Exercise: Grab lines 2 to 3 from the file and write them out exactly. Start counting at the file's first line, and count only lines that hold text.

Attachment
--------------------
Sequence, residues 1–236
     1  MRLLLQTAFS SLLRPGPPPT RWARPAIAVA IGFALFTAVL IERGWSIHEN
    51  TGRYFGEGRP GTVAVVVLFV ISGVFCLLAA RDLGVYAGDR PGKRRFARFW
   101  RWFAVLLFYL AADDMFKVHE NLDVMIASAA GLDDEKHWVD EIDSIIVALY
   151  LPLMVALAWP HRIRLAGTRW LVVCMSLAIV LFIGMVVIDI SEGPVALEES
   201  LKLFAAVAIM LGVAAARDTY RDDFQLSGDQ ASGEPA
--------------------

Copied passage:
     1  MRLLLQTAFS SLLRPGPPPT RWARPAIAVA IGFALFTAVL IERGWSIHEN
    51  TGRYFGEGRP GTVAVVVLFV ISGVFCLLAA RDLGVYAGDR PGKRRFARFW